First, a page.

4th Annual China “Master Cup” Homebrewing Competition 第四届“大师杯”中国家酿啤酒大奖赛

Qinhuangdao was an interesting city to visit, though I only got a small glimpse.  As with most of China’s second tier cities, you are quickly reminded just how populous the country is when even these “smaller” municipalities have more people than Chicago or Philadelphia.  That said, the drastically lower number of English-speaking foreign residents becomes evident when you see entire building facades in the middle of downtown graced with translations like this…


One “carbon roast beef teak” please!

Anyway, we arrived late afternoon on the 21st (the day before competition) after a 3-hour drive.  Upon settling into our humble accommodations, first on the agenda was obviously to grab a beer 😉  Turns out, there’s pretty much only one place in Qinhuangdao that could satisfy beergeeks like us…


Zing Beer 鲸酒馆 is tucked inside the northeast quadrant of the Qinhuangdao Olympic Center Stadium. The wall behind the bar is adorned with myriad beer bottles – and even six-pack holders – from around the world.  On this particular day, there was only one draft pouring, but it turned out to be quite a good one.  Scotland’s own Harviestoun Brewery somehow manages to get kegs of its Schiehallion Craft Lager into this resort town, little-known to foreigners. Crisp and flavorful, with quite a hop presence which really clings to your palate in the aftertaste, but leaves you craving yet another sip… or pint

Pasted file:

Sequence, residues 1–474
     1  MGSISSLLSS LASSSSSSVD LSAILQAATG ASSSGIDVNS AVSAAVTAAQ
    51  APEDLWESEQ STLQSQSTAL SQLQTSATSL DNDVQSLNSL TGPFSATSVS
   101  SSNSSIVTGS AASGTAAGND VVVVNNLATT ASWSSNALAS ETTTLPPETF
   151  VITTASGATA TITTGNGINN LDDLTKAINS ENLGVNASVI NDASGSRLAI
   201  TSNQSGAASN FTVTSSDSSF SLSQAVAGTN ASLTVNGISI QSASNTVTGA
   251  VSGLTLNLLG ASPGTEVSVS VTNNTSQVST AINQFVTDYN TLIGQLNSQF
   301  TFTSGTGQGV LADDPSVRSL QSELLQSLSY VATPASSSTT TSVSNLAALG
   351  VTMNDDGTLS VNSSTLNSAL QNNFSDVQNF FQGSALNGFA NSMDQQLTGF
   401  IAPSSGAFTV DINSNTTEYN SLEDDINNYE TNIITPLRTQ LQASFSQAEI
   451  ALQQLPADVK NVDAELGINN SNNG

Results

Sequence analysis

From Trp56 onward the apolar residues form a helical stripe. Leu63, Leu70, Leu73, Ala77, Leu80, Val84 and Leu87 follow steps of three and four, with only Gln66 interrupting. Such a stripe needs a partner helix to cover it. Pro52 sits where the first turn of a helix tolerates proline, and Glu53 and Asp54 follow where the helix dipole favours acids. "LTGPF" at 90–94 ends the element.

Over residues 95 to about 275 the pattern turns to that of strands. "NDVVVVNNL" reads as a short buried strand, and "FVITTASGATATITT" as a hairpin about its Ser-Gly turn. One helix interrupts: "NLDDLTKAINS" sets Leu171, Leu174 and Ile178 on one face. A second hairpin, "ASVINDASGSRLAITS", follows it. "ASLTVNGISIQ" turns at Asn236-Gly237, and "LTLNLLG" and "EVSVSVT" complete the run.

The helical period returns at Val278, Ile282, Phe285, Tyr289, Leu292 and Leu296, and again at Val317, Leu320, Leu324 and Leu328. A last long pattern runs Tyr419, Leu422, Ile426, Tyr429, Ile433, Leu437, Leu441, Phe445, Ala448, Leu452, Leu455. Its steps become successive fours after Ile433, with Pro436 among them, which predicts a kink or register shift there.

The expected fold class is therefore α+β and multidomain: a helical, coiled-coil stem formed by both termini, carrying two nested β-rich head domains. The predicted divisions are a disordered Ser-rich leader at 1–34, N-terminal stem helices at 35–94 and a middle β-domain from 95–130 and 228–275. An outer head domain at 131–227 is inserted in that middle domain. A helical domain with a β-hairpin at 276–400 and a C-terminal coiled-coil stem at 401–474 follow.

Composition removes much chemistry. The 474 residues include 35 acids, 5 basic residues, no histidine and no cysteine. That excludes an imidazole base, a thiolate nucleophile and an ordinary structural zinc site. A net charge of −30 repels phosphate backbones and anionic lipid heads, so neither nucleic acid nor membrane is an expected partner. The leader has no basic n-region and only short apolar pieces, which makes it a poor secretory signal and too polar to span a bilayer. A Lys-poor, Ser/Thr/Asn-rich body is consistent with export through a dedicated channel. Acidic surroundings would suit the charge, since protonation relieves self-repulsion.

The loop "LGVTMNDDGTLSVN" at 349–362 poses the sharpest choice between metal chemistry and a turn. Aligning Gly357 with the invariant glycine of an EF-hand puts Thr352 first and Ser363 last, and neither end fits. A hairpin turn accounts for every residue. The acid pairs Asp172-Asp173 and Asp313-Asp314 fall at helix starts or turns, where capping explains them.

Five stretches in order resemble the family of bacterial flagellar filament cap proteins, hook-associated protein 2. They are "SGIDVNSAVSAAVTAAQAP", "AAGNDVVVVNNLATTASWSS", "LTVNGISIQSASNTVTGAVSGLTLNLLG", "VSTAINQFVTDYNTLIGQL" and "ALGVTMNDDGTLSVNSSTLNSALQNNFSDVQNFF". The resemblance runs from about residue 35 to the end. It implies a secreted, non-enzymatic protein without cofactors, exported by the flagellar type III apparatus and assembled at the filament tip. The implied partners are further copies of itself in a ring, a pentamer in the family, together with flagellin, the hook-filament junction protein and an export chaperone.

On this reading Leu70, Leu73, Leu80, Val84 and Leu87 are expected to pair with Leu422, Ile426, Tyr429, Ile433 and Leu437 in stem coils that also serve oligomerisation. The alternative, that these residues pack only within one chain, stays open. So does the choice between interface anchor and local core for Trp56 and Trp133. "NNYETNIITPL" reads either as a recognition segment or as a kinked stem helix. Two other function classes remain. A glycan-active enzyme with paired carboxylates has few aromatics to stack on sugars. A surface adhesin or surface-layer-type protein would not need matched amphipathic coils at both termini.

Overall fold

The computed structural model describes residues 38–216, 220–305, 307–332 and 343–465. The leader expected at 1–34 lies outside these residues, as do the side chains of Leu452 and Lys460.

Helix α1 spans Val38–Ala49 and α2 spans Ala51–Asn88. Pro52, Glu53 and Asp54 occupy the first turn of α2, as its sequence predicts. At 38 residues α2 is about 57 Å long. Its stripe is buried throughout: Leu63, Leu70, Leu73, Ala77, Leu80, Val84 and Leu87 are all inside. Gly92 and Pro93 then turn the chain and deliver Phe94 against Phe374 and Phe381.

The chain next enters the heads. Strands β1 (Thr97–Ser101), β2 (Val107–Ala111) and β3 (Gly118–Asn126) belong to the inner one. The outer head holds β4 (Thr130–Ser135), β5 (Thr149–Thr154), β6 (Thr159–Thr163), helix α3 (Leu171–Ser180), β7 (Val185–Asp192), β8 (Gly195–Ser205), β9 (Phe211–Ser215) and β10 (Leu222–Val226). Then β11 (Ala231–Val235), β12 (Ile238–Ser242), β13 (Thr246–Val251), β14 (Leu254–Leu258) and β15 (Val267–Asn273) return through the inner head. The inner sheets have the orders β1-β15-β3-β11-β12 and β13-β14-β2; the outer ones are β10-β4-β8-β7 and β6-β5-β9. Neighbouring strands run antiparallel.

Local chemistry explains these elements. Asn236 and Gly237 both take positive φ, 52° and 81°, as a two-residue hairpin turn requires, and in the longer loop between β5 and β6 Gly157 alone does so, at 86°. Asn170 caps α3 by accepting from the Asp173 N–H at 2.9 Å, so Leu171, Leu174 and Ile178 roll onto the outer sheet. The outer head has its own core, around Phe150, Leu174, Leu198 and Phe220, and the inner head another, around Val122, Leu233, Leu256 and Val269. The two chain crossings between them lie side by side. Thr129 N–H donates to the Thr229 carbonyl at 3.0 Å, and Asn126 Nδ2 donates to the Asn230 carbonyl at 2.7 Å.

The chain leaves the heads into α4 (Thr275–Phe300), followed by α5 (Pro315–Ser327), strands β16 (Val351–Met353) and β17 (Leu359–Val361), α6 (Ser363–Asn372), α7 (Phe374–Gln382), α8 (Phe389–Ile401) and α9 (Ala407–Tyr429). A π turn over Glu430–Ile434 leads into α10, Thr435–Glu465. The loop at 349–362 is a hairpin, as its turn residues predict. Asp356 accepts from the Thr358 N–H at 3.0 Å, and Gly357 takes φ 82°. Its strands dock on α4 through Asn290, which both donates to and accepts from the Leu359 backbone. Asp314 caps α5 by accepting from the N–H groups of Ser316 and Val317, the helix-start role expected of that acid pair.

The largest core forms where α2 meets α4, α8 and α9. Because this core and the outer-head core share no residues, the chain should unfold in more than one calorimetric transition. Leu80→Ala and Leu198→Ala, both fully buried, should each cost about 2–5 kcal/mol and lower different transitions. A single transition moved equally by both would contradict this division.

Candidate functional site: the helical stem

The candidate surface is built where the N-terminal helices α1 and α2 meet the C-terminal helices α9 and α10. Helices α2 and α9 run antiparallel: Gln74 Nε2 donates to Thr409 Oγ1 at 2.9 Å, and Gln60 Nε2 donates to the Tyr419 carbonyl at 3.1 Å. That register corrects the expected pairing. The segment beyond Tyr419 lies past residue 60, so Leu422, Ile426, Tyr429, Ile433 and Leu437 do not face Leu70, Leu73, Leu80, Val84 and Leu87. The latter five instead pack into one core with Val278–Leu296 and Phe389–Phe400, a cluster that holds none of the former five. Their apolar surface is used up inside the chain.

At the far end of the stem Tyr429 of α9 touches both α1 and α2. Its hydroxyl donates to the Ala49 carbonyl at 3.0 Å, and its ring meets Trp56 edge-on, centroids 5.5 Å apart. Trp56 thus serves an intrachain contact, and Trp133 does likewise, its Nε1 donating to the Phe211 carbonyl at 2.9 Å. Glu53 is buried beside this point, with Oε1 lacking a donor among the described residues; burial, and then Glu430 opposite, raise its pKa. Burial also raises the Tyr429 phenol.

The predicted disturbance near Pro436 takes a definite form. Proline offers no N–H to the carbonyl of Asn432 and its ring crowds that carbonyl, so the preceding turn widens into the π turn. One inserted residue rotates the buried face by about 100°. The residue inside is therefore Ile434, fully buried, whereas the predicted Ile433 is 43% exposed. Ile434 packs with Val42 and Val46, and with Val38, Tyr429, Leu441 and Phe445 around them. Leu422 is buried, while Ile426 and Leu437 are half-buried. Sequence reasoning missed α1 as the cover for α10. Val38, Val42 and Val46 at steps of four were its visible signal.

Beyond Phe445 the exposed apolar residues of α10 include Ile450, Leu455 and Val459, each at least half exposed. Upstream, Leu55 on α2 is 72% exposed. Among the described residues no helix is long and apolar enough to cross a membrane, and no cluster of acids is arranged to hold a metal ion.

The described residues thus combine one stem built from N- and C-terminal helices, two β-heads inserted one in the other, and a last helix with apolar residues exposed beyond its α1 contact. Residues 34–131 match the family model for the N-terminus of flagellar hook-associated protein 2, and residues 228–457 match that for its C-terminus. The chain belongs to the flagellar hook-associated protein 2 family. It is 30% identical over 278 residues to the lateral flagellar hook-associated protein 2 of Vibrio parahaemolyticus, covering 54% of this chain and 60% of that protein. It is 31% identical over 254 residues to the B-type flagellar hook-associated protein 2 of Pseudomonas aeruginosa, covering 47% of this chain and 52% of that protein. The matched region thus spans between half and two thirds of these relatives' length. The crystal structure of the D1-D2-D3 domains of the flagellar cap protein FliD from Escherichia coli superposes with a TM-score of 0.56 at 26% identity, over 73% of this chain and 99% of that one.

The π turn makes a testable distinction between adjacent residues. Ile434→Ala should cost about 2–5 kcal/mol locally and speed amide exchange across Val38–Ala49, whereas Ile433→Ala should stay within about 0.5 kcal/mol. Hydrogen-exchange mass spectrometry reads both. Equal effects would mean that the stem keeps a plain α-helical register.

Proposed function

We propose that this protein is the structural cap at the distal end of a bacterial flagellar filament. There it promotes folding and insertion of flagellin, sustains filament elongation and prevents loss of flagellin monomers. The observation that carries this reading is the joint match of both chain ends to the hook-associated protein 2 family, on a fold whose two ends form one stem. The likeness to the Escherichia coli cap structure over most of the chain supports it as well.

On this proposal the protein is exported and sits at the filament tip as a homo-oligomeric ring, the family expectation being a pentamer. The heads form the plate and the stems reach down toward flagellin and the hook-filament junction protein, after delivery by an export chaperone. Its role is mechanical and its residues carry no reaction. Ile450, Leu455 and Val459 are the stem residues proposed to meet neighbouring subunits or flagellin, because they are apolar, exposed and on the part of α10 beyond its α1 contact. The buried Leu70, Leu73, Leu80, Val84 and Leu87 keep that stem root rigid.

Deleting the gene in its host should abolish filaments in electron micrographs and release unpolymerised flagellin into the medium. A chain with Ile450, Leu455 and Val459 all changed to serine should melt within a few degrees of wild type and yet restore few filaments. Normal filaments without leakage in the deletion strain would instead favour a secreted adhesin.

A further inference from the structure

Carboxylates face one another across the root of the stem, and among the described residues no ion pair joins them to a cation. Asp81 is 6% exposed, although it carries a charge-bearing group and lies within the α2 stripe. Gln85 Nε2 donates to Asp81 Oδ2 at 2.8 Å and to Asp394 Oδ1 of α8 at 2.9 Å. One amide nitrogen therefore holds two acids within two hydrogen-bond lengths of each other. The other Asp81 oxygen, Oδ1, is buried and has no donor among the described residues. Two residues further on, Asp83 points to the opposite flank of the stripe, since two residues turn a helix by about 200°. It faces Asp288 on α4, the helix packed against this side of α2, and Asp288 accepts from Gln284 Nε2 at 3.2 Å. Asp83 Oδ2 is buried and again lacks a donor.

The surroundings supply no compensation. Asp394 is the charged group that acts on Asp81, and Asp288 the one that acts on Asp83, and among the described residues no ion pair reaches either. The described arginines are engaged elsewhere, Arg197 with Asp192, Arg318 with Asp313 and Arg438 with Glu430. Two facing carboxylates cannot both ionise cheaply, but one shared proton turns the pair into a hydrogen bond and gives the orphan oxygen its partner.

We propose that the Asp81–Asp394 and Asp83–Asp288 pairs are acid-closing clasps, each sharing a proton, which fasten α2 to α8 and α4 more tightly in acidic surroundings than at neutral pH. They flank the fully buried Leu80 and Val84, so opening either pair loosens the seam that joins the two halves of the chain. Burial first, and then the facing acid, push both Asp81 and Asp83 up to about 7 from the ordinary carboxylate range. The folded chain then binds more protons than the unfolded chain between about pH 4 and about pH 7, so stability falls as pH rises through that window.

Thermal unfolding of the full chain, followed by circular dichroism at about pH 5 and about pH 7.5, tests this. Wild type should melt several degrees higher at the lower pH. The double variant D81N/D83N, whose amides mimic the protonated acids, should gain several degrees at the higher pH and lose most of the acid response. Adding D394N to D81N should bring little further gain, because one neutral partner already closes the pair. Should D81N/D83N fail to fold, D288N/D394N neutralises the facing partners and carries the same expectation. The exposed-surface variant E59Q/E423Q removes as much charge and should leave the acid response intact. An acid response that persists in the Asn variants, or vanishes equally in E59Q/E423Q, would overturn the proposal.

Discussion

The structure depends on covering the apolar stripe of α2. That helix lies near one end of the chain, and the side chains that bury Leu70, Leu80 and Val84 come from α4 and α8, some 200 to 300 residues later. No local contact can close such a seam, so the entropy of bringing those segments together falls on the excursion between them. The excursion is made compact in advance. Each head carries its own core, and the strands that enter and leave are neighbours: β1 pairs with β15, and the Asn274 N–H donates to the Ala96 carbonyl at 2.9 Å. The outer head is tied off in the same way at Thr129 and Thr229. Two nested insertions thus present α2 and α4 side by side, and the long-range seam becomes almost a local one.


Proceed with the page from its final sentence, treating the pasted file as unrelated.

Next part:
(Speaking of wanting more... many of us returned the second night, when a China League One match between home team Hebei CFFC 河北华夏幸福 and Beijing BG was finishing in a 0-0 tie

(Speaking of wanting more… many of us returned to Zing on the final night, when a China League One match between home team Hebei CFFC 河北华夏幸福 and Beijing BG was finishing in a 0-0 tie)

But ok, onto the Master Cup

Woe upon us, the scarce fifteen judges...

Woe upon us, the scarce fifteen judges…